Panorama induced Wi-Fi paranoia strikes London
The largely unfounded concerns over alleged risks to health from Wi-Fi radiation have continued to climb since the BBC's recent and somewhat flawed Panorama investigation aired.
Today reports in The Independent newspaper suggest that residents of London, especially families and schools, have been rushing to unhook their Wi-Fi networks:
The London-based Scooter Computer call-out service said last week that it had received hundreds of calls recently. Will Foot, for the company, said: "I have never seen such a reaction. It's completely out of the blue. More than 50 per cent of inquiries were from people worried about Wi-Fi access." He said that the company had already removed 25 systems.
Nicola Hart, of Dartmouth Park in north London, was so concerned about the radiation emitted from the systems that she removed Wi-Fi from her home, and persuaded her neighbours and her daughter's school to do the same.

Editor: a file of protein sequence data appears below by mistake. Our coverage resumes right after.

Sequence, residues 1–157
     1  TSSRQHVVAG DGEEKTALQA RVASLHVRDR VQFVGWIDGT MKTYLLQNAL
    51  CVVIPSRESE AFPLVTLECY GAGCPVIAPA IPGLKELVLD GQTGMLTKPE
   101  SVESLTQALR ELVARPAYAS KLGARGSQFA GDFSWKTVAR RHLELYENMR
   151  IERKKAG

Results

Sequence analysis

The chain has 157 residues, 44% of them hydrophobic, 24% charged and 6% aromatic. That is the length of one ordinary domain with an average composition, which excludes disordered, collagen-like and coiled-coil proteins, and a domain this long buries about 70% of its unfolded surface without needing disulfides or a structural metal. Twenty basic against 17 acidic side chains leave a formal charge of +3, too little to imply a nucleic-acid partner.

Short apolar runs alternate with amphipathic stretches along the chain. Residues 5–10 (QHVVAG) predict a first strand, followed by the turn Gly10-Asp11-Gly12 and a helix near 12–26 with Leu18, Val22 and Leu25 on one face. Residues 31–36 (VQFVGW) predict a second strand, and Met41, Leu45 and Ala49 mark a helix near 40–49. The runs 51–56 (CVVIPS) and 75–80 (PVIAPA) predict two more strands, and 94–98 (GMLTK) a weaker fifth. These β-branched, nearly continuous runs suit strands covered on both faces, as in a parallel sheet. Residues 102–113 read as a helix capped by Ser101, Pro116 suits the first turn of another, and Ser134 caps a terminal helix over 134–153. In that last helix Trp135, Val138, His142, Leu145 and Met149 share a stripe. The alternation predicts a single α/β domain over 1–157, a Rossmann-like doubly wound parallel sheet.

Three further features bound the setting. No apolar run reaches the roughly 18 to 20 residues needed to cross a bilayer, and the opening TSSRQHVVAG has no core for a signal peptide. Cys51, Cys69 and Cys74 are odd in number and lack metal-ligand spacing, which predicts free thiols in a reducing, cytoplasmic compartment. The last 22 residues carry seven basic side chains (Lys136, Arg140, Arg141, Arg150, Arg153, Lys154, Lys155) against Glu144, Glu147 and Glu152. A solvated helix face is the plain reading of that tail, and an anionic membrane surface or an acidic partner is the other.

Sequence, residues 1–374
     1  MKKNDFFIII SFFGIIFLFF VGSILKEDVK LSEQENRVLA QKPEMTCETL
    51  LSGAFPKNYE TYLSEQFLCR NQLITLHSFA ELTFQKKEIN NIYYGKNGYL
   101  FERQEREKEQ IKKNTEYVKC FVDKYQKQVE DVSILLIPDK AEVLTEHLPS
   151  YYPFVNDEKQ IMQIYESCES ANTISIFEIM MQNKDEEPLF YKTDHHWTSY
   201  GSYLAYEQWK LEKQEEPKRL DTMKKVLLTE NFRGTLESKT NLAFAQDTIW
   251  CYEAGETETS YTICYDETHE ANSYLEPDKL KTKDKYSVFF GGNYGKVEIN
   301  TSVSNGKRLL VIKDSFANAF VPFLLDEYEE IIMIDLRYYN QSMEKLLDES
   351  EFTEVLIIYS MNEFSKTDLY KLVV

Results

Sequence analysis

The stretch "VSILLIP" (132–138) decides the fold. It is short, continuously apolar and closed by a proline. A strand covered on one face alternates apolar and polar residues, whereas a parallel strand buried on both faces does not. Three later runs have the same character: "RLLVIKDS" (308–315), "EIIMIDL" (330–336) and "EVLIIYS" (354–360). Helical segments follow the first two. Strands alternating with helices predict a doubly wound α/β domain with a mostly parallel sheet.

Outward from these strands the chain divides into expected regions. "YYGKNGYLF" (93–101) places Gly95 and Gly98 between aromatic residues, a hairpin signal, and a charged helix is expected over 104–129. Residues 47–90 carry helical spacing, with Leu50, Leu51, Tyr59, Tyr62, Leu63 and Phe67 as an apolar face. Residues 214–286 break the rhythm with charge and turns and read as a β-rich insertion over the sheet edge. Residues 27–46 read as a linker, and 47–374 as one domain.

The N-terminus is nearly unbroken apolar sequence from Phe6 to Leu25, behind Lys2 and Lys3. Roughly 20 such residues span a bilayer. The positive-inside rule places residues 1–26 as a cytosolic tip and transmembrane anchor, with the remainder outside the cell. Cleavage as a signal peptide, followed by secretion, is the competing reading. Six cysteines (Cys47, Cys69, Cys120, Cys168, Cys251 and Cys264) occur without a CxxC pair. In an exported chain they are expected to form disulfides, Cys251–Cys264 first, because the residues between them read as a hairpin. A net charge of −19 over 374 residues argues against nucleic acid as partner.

She said last night: "We put the system in about four months ago because my 17-year-old son wanted to have access to the internet at the same time as us. I did not really think about any effects it might have."
While it was in, she said, she suffered "a lot of funny symptoms" which she thought were due to "an early menopause". But once she had the system removed she began sleeping and feeling better.
Still, though there's really no reason to stop using Wi-Fi, a proper scientific investigation should be conducted. Having said that, one wonders what will happen once people realise that Radios, TVs and all manor of other electric devices give off radiation too.
Even the Sun and universe have their own radiation and we’re often exposed to it. Despite all this the average episode of Big Brother probably does more damage to your mind than any of this “casual” radiation.
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